Data Driven Detroit (D3)RSS Feed
Who we are:
Data Driven Detroit (D3) provides accessible, high-quality information and analysis to drive informed decision-making. Our vision is that essential and unbiased information is used by all.
We are a statewide organization with a focus on the city of Detroit. We are building a comprehensive data system that includes current and historic demographic, socioeconomic, educational, environmental, and other indicators. This data system allows us to illustrate complex relationships by combining different datasets to reveal the true stories of our regions, cities, and blocks. We are committed to serving all communities; we adapt data into different formats for different audiences.
What we do:
As a one-stop shop for data, D3 has an extensive library for a variety of projects. Our work falls into five categories:
Data Collection - We collect and process administrative and government datasets for use at the local level. When these data are too general for use at the local level, D3 has collaborated with partners to collect primary data to fill geographic gaps.
Data Visualization – In order to ensure widespread understanding and interpretation of data, D3 creates visualizations that help people understand complex and diverse data patterns. Maps are the most common form of visualization, but we also transform spreadsheets into powerful and unique graphs, charts, illustrations and infographics.
Data Analysis - We perform expert analyses to benefit diverse planning efforts for community groups and regional collaborations. We utilize clear and transparent methods for combining and synthesizing various datasets into single measures.
Data Accessibility - We are committed to making data, visualizations, and analyses accessible through a variety of online and printed products. We believe in increasing accessibility while respecting sensitivity and privacy by building relationships and restructuring data so it can be released to the widest possible audience. D3 provides access to national and regional datasets through online tools on our website. D3 also develops trainings about finding and using data.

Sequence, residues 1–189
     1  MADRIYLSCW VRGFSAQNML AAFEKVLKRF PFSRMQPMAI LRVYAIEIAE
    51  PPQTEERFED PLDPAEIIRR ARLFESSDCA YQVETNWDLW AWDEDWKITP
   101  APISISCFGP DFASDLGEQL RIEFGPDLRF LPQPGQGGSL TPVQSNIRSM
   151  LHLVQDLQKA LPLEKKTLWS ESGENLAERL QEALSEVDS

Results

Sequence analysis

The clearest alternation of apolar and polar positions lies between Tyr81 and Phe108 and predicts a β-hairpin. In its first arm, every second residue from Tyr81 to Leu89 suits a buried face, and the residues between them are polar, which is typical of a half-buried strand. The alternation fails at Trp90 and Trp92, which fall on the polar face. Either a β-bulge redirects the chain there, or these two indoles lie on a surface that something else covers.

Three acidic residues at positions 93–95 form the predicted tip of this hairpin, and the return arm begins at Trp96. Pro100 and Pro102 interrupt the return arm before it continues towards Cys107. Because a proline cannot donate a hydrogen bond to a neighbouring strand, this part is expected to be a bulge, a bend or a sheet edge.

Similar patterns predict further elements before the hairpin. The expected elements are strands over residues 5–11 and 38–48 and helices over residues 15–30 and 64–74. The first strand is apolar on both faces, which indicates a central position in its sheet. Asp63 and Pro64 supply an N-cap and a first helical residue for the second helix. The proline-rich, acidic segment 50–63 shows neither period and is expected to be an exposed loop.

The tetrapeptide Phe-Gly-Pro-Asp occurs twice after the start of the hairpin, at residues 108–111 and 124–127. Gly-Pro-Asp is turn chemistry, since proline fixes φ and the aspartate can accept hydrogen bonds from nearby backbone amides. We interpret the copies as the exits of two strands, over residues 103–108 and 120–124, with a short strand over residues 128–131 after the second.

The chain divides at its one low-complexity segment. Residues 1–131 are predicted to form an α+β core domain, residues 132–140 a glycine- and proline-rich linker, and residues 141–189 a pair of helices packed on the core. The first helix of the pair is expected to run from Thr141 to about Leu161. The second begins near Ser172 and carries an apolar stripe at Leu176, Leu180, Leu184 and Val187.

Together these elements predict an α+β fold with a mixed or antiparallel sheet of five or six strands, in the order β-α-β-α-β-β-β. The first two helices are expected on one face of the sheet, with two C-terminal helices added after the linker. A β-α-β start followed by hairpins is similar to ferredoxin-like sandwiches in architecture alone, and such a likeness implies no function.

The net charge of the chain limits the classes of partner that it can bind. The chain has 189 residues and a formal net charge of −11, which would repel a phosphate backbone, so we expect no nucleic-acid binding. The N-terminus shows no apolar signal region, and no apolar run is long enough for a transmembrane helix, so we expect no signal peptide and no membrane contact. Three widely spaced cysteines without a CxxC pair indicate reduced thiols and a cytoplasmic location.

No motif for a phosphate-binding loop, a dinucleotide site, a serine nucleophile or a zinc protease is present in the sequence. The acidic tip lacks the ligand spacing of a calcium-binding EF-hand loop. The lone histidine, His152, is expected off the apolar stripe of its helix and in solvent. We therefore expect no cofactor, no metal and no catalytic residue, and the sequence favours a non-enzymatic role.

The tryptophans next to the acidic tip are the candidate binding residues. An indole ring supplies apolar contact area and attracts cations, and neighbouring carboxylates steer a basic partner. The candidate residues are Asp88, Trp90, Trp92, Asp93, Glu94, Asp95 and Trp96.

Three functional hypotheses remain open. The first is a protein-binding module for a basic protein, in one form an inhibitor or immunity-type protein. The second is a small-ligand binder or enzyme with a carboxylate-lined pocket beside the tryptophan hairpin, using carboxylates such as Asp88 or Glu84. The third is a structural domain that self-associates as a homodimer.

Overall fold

Data-Driven Outcomes - All of our collection, visualization, analysis and accessibility work is focused on increasing data-driven outcomes in policymaking and collaborative planning processes throughout Detroit and Michigan. Our work helps build the civic capacity of disadvantaged communities through the infusion of data in collaborative efforts that improve quality of life.
From the Michigan Metropolitan Information Center at Wayne State University, to the Southeast Michigan Information Center at United Way, there have been many initiatives to collect and democratize data about Detroit and its neighborhoods. In 2008, The Skillman Foundation and The Kresge Foundation awarded City Connect Detroit a $1.85 million grant to incubate Data Driven Detroit (originally named the Detroit-Area Community Information System).
Within its first year, D3 was selected by the Urban Institute to join the National Neighborhood Indicators Partnership (NNIP). NNIP is a select group of organizations that have built advanced and continuously updated data systems to track neighborhood conditions in their cities.
In December 2012, after an extensive period of review, discussion and due diligence, Data Driven Detroit became an affiliated program of the Michigan Nonprofit Association. This move has strengthened D3’s back office operations and increased our exposure to a statewide network of member nonprofits and philanthropic organizations.
Blog post - By: Stephanie Quesnelle
Blog post - By: Erica Raleigh
Presentation - By: Kathryn Pettit, Erica Raleigh, Michael Grover
Jake Cowan, NNIP alumni and consultant, presented on the completed "Monitoring Impact" guide. The guidebook frames defining and measuring performance for local data... [read more]
Check out our first Idea Showcase of 2015 and work your fellow NNIP partners are doing: Eleanor Tutt (St. Louis) and Bob Gradeck (Pittsburgh) will present on their idea to hold regular... [read more]